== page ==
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[No. 66] An inspired biblical book might cite any number of non-inspired books as true, insofar as the portion cited is concerned. That’s exactly what happened in Jude 14-15, where 1 Enoch 1:9 is directly quoted (as the footnote for this verse in my Oxford Annotated RSV Bible states), and is described by the apostle as that which Enoch “prophesied.” Whether that counts as “inspired” or not, on that basis, I don’t know, and I’ll leave that technical question for the appropriate scholars to decide. But it is perfectly reasonable to conclude that what is cited is true, and an instance of true prophecy not different in kind from a prophecy of Jeremiah or Isaiah: whose prophecies are recorded in inspired Old Testament Scripture. And that’s just the point, isn’t it? If Jeremiah’s prophecy is regarded as inspired because it is in the Bible (OT), then Enoch’s must likewise be, because it is in the Bible (NT). Therefore an “extrabiblical tradition” was “acknowledged by the New Testament writers,” and my contention is unassailable.

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[No. 68] Ananias, the high priest, was a Sadducee, and, according to The International Standard Bible Encyclopedia, a scoundrel: “lawless and violent . . . haughty, unscrupulous, filling his sacred office for purely selfish and political ends” (vol. 1, p. 129). But Paul thought he had authority. Paul showed him respect, even when the latter had him struck on the mouth, and was not dealing with matters strictly of the Old Testament and the Law, but with the question of whether Paul was teaching wrongly and should be stopped (Acts 23:1-5). So here is a case of the high priest, who sacrifices at the Temple, being granted authority by the Apostle Paul. And he was not of exemplary character, which disposes of the argument that Jesus strictly limited Pharisaical authority, because some of them were bad men, and because He sternly rebuked them for hypocrisy. Moreover, the Sadducees were on a lower theological plane than the Pharisees, and adopted “liberal” or dissenting views on many doctrines which Pharisees and Christians alike accepted. But Paul still thinks they have authority!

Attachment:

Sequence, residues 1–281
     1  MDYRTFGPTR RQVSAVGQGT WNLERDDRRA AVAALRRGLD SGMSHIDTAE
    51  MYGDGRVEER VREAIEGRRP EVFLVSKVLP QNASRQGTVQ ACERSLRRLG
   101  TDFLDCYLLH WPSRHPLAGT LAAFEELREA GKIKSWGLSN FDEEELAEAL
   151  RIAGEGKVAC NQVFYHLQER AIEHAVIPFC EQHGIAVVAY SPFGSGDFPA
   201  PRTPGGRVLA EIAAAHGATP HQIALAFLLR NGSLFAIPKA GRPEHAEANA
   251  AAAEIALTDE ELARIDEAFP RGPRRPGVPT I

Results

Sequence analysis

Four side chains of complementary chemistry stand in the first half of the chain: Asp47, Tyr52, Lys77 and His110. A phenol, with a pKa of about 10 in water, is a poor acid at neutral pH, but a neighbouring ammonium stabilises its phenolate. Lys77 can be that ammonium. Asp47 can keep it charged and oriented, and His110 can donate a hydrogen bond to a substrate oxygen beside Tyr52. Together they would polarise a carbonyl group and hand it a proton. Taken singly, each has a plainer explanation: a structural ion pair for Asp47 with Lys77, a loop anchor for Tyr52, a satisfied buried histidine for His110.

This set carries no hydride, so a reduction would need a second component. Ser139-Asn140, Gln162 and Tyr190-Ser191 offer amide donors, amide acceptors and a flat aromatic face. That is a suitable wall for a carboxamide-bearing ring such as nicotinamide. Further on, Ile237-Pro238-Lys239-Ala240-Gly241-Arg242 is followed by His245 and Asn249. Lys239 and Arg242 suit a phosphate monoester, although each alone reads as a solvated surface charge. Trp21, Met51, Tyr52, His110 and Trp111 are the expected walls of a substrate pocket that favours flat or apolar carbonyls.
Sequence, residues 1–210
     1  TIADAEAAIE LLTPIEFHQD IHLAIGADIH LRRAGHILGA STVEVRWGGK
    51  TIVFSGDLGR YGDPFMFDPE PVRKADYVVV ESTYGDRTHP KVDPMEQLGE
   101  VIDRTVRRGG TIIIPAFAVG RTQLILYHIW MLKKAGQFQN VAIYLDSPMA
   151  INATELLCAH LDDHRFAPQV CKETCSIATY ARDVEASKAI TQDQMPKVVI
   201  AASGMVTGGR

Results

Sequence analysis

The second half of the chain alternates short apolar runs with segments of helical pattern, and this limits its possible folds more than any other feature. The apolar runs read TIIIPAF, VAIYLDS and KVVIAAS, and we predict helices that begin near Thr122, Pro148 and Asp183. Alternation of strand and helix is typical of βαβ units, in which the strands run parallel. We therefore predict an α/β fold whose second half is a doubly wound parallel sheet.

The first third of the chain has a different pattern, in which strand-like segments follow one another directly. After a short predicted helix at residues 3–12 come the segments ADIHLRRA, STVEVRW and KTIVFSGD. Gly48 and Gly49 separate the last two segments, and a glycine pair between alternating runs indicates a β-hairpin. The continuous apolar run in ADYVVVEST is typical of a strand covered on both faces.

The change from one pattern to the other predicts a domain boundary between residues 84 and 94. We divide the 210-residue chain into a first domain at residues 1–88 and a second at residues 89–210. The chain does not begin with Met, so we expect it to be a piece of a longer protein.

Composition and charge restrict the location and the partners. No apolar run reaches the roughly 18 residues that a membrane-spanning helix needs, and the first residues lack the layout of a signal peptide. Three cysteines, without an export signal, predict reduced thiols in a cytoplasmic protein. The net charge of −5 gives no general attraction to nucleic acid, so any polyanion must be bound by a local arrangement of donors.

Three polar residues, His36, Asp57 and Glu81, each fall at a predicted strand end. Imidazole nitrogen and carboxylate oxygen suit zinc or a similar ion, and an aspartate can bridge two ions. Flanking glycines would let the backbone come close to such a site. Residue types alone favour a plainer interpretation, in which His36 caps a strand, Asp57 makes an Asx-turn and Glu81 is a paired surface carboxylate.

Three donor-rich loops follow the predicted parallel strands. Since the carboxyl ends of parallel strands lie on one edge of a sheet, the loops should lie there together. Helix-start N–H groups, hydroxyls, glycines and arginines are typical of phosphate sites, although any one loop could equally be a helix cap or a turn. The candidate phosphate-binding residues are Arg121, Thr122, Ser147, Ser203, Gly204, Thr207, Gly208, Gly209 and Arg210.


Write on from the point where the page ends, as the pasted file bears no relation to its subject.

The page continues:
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[No. 69] The terminology “Word of God” or “Word of the Lord” proves beyond any doubt that what is being referred to is a true tradition. It encompasses both written and verbal, oral delivery. The Bible states, for example: “Samaria had received the word of God” (Acts 8:14). This wasn’t some Bible society or the Gideons or a Billy Graham rally. There were no copies of Scripture involved at all. Samaria had responded to the preaching of Philip (Acts 8:5-6). Indeed, it couldn’t have been a matter of Scripture, because this was the gospel of Christ, which was only implicitly and darkly contained in the Old Testament, and the New Testament was not yet compiled or (mostly) even written; nor was Philip one of the inspired writers when it was written and compiled. St. Paul believes the same thing, and assumes that the “word of God” is an oral proclamation: “You received the word of God, which you heard from us” (1 Thessalonians 2:13). Now, unless one assumes that Paul only spoke to the Thessalonians the things which were later recorded in his two epistles to them (which is beyond silly, Paul could speak / read his entire two letters to them in maybe 15 minutes), then this involved more than Scripture.